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THOUGH THE ringing of the doorbell continued to echo through the house, Percy sat alone in the dark, his arms folded across his chest, and refused to answer the door.

"You're not getting any treats from me," he mumbled, shifting to get more comfortable in the overstuffed chair. When the ringing ceased he heard some grumbles from outside, then the sounds of the kids clambering down the porch steps on their way to beg at other houses for candy and goodies. As they walked away from the house he could see their dark silhouettes moving along the walkway.

Last year, he'd yelled out: "Bugger off!" But that only alerted them to the fact that he was home, and they pelted his windows with eggs and tomatoes.

But not this year - this year he decided to sit in the dark, wait them out and watch. No treats. No tricks.

Why should he give those snot-nosed little brats any treats? What did they ever do for him besides trample his petunias or put the occasional baseball through one of his windows? And if that weren't enough, they were spreading rumours about crazy old Percy who lived alone in that huge house, giving it to the corpse of his dead wife every night.

At that thought, Percy decided it might be a good idea to go check in on Bertha. He got up from the armchair and moved through the dark out of the study and into the hall. The stairs creaked beneath his feet as he climbed, mocking the unheard creaking of his very bones as he moved.

The smell hit him most powerfully, as it always did, at the top of the stairs. Sure, it reached into every corner of his home, permeated every molecule of the air inside his house, but it always seemed worse at the very top of the stairs.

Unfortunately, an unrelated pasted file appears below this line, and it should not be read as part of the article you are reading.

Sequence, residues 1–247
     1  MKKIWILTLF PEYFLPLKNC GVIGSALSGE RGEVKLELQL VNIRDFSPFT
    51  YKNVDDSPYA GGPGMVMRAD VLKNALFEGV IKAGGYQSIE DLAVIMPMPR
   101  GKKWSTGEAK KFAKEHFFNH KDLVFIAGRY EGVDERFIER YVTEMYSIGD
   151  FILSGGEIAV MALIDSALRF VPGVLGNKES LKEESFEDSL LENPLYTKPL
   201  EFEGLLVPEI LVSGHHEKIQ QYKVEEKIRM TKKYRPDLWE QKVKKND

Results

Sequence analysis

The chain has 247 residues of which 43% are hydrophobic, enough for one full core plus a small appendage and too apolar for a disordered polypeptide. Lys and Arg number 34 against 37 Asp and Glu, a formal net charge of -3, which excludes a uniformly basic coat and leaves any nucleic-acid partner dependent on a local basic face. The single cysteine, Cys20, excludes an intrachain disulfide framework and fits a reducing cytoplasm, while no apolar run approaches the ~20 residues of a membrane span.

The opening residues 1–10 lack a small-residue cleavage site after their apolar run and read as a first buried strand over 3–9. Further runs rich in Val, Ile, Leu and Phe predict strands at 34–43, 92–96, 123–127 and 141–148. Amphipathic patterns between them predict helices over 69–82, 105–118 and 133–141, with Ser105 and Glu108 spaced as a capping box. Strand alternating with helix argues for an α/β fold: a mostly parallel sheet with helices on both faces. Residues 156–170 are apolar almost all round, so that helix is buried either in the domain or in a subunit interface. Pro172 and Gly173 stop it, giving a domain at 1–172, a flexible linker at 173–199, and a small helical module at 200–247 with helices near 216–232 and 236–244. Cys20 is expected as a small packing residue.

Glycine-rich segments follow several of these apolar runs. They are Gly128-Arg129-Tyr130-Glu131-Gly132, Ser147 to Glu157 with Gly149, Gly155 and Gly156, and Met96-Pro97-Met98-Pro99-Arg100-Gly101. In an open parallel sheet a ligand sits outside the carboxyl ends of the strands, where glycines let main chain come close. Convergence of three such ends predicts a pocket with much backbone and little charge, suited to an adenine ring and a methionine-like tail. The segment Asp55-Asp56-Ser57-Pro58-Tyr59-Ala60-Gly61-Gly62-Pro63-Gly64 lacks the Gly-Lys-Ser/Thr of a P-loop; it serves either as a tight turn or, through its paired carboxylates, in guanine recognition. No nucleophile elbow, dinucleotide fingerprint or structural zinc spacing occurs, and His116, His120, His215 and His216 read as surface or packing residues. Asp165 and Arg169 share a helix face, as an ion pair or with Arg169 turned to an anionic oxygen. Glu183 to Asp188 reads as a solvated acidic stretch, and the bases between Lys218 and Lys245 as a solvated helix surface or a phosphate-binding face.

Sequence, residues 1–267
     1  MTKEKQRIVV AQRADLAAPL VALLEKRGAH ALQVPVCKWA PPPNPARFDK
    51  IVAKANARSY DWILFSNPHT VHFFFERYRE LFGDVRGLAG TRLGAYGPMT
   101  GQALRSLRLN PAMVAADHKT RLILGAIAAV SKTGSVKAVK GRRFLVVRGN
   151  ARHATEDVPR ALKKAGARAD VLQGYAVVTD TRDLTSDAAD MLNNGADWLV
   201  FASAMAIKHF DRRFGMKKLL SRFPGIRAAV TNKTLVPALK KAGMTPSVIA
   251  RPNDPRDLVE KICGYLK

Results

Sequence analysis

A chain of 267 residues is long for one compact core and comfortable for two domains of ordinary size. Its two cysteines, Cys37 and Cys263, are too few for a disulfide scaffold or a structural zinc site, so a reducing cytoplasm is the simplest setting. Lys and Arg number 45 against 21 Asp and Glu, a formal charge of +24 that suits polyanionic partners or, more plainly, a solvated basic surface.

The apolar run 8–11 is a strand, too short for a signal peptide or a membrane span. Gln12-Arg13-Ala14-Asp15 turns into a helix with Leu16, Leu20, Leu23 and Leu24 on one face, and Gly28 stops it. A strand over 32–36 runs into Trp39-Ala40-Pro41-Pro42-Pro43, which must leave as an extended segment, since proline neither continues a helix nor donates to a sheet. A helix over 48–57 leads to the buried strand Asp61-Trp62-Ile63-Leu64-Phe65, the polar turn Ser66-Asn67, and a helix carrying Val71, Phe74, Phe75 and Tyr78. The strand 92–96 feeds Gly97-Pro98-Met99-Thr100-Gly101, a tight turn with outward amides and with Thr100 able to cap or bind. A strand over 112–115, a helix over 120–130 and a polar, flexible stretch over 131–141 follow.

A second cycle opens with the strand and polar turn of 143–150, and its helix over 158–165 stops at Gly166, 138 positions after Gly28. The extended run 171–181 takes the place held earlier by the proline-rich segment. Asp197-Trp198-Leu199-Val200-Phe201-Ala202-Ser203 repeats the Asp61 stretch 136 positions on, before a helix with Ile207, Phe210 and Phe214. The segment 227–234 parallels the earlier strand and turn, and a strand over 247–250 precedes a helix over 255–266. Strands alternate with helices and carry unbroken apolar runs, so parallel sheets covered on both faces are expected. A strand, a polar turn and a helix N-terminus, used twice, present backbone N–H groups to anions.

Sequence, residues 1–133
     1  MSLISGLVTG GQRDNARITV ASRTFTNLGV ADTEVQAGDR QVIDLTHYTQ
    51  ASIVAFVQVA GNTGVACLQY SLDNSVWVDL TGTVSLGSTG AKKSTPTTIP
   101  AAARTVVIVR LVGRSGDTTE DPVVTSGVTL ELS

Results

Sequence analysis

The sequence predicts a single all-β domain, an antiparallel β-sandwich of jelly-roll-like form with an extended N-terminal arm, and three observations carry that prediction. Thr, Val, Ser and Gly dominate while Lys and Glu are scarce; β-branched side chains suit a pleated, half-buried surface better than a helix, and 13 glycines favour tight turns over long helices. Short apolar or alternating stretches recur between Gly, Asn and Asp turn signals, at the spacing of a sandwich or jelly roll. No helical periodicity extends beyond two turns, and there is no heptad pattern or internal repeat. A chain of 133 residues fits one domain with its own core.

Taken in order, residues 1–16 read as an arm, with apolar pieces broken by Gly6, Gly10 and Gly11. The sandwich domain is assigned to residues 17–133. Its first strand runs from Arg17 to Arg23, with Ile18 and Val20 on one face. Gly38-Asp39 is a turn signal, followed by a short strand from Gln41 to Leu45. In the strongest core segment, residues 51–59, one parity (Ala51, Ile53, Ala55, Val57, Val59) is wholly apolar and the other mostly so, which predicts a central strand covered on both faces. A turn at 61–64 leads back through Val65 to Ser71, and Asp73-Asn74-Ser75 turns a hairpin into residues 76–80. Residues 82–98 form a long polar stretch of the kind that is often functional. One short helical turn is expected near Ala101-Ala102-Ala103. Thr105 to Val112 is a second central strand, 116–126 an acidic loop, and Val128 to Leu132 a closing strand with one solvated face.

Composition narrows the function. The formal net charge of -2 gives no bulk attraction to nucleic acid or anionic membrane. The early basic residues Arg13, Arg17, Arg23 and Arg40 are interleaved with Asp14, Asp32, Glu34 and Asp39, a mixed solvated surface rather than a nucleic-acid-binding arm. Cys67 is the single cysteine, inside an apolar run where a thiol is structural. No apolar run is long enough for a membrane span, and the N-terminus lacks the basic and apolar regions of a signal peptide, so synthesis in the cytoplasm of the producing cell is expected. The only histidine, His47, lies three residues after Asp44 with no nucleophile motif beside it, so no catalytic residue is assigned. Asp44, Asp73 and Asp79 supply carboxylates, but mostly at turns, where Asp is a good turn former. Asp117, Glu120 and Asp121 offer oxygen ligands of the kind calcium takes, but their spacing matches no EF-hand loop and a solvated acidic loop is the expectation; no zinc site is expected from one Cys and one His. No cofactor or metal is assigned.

He was already so used to the putrid, rotting odour that it no longer nauseated him - in fact, it had been at least a month now since he'd vomited upon reaching the top of the steps - but his nose still wrinkled and his lips pressed together tightly in an attempt to filter out as much of the stench as possible.

He slowly opened the spare bedroom door, and, even though he knew the smell had to be worse at this point, it never bothered him so much as it did at the top of the stairway. He liked to think it had something to do with leaving the bedroom window open and laying out dozens of containers of potpourri and boxes of baking soda in the room.

The "death" room was lit only by the light which filtered in through the unblinded window. Percy was thankful he couldn't see his poor wife's decomposing body, but the dark brought with it chilled memories of what she looked like. Laying still and quiet in the bed, her thin flesh had seemingly melted itself over the sides of her skull and sunk into her eye sockets, transparent in some spots, like mozzarella cheese heated over a bagel.

Time had not made his task any easier for him. In fact, it had been months since he'd been able to get close enough to kiss her gently on the forehead like he had always done when she was sleeping; and for that he was ashamed. What kind of sorry man couldn't even honour his wife with a gentle show of affection?

All of this, after all, was for her. He'd never gone back on a promise to his wife during their 34 year marriage and he wasn't about to break this one, his last promise to her, no matter how hard it became.

It had been the night before she died when Percy stood watching Bertha toss and turn in her sleep, unsure of whether or not the nightmare she was having could possibly be worse than the reality of the inoperable brain tumour that sat, like a time bomb, in her head. At that moment, Percy could conjure up no worse image than being without his wife, his lover, his best friend, so he decided to let her have her nightmare. It was almost as if the false terror she was experiencing in her dreams was a treat that she was allowed to indulge in. A treat, perhaps, because it was not real, after all, and would be over the moment she woke.

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